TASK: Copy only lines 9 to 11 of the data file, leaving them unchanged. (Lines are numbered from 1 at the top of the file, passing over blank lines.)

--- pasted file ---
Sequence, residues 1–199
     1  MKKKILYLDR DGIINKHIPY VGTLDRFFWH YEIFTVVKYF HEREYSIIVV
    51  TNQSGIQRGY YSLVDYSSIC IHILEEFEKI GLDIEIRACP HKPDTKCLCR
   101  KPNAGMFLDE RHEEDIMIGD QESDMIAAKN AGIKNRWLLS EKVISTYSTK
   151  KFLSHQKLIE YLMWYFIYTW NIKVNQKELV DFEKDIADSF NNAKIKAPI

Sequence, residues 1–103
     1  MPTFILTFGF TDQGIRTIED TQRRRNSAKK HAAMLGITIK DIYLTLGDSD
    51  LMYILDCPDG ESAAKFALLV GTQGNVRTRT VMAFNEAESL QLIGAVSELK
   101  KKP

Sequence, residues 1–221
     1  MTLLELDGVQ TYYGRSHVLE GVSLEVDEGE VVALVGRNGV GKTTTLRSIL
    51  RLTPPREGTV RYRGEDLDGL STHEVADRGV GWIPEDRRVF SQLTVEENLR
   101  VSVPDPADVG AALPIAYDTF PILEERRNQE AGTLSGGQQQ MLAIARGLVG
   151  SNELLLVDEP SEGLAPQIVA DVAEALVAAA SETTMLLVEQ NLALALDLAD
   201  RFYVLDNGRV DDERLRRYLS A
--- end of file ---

   101  KKP

Sequence, residues 1–221
     1  MTLLELDGVQ TYYGRSHVLE GVSLEVDEGE VVALVGRNGV GKTTTLRSIL